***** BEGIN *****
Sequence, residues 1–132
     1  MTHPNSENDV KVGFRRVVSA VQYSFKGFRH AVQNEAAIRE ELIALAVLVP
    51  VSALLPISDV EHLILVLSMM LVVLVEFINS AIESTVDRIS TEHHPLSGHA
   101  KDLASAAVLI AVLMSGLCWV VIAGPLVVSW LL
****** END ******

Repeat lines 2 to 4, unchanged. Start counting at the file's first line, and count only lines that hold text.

     1  MTHPNSENDV KVGFRRVVSA VQYSFKGFRH AVQNEAAIRE ELIALAVLVP
    51  VSALLPISDV EHLILVLSMM LVVLVEFINS AIESTVDRIS TEHHPLSGHA
   101  KDLASAAVLI AVLMSGLCWV VIAGPLVVSW LL